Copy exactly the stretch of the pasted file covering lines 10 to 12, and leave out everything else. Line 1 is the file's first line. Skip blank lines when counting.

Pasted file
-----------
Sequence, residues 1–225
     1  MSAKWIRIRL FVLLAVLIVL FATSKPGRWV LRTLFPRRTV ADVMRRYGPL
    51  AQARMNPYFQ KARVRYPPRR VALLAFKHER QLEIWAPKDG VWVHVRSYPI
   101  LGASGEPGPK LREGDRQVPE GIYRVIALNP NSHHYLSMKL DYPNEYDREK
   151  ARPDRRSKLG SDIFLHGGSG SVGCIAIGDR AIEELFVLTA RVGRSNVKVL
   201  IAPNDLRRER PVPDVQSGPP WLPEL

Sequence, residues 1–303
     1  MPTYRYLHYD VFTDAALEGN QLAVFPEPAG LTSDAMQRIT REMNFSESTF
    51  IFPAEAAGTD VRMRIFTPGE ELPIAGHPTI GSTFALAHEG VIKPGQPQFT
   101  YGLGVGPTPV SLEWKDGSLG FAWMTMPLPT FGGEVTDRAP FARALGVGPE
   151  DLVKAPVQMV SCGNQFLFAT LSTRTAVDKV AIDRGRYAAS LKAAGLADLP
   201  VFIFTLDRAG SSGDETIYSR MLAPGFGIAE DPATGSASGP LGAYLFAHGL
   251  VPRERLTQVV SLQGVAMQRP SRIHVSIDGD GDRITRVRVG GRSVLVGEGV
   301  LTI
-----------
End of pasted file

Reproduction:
   101  YGLGVGPTPV SLEWKDGSLG FAWMTMPLPT FGGEVTDRAP FARALGVGPE
   151  DLVKAPVQMV SCGNQFLFAT LSTRTAVDKV AIDRGRYAAS LKAAGLADLP
   201  VFIFTLDRAG SSGDETIYSR MLAPGFGIAE DPATGSASGP LGAYLFAHGL